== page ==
The Mallard duck or wild duck is thought to be the most abundant and wide ranging duck on earth. Mallard duck belongs to the subfamity Anatinae of the waterfowl family Anatidae.
This ducks are the ancestor of all of our domestic duck breeds, except the Muscovy duck. The Mallard is a dabbling duck which breeds throughout the temperate and subtropical Americas, Asia, North Africa and Europe. They have been introduced to Australia, Argentina, Brazil, Chile, New Zealand, Peru, South Africa, Uruguay and the Falkland Islands.
Actually the Mallard duck is native to many countries. And they are best known and possibly the most abundant wild duck. Mallard duck is a very common sight in urban ponds, lakes and parks and other man-made water features in the regions they inhabit.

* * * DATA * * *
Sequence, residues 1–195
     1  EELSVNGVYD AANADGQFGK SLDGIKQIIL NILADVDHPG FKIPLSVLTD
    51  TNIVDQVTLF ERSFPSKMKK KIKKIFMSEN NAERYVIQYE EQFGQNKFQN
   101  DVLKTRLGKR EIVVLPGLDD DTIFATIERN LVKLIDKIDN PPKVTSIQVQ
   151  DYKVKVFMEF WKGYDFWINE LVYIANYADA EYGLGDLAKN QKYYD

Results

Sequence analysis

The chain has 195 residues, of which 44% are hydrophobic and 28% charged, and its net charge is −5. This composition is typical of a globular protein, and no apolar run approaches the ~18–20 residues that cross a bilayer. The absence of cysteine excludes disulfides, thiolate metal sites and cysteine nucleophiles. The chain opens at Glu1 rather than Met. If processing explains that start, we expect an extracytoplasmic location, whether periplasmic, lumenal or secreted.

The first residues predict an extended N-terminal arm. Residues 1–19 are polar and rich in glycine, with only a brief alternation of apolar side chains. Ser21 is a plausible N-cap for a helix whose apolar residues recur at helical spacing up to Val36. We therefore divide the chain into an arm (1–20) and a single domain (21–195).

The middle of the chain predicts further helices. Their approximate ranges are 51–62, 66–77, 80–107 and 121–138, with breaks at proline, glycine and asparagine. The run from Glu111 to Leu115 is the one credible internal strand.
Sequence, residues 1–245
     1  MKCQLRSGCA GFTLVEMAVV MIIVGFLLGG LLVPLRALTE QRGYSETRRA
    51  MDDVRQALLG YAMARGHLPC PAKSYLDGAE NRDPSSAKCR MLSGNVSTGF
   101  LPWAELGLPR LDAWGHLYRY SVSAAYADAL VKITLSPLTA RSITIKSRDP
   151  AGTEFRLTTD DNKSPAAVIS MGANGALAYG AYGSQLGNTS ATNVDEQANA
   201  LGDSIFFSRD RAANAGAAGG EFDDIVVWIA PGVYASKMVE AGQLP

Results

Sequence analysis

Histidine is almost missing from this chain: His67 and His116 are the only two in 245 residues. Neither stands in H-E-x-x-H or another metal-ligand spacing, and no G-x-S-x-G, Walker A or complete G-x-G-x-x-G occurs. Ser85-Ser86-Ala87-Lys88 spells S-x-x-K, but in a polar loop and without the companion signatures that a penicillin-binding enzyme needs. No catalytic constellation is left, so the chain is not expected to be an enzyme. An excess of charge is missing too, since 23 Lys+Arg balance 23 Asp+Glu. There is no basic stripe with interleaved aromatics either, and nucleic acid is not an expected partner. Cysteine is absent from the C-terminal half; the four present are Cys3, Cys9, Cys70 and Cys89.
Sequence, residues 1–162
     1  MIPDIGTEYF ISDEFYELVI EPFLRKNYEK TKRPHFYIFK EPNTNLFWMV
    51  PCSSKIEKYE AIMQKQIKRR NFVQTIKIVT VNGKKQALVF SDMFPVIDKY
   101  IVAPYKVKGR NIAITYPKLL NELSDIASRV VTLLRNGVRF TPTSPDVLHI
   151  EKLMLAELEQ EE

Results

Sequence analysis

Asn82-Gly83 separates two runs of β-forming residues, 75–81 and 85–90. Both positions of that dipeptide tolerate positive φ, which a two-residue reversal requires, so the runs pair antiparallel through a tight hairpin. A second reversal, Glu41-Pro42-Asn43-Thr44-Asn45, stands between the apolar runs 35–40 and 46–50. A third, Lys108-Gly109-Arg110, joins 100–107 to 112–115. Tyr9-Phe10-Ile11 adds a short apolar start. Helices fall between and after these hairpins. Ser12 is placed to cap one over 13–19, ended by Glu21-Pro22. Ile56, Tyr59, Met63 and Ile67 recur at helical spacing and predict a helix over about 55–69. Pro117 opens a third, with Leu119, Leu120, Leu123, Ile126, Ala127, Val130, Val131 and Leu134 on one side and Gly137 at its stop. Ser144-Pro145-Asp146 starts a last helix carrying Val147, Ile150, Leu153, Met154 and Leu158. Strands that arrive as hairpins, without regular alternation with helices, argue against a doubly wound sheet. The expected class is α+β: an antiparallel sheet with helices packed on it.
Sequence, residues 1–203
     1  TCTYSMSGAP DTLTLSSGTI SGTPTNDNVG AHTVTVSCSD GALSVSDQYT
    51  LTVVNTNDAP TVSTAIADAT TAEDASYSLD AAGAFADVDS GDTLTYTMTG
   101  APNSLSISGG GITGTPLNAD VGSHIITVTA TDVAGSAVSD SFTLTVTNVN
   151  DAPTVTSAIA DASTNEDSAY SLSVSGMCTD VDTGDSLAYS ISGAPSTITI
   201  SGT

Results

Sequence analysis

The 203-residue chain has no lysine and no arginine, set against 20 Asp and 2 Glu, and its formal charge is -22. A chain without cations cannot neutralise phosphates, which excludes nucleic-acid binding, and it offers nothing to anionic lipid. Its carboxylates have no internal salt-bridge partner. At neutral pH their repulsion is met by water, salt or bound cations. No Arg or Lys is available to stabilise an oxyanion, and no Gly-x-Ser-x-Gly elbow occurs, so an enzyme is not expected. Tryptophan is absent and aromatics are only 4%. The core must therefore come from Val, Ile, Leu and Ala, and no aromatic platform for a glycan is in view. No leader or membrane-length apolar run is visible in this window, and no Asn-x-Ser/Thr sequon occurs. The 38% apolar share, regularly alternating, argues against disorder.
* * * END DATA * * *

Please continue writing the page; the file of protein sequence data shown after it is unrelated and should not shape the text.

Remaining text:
Mallard originally referred to any wild drake/male duck and it is sometimes still used this way. It was derived from the Old French malart or mallart for ‘wild drake’. Although the true derivation of the Mallards is unclear.
Mallard duck is also known as Canard colvert in French and Pato de collar in Spanish. Probably it is related to, or at least influenced by an Old High German masculine proper name Madelhart, clues lying ‘maudelard’ or ‘mawdelard’, the alternate English forms.
Masle/male has also been proposed as an influence. Today the number of Mallard duck is reducing due to excessive hunting and lack of wetlands. But it is still the most common and most abundant duck on Earth.
Mallard Duck Characteristics
The Mallard duck is classed as a medium sized duck. Although it is often slightly heavier than most other dabbling duck. Dabbling ducks are fed mainly at the surface rather than by diving.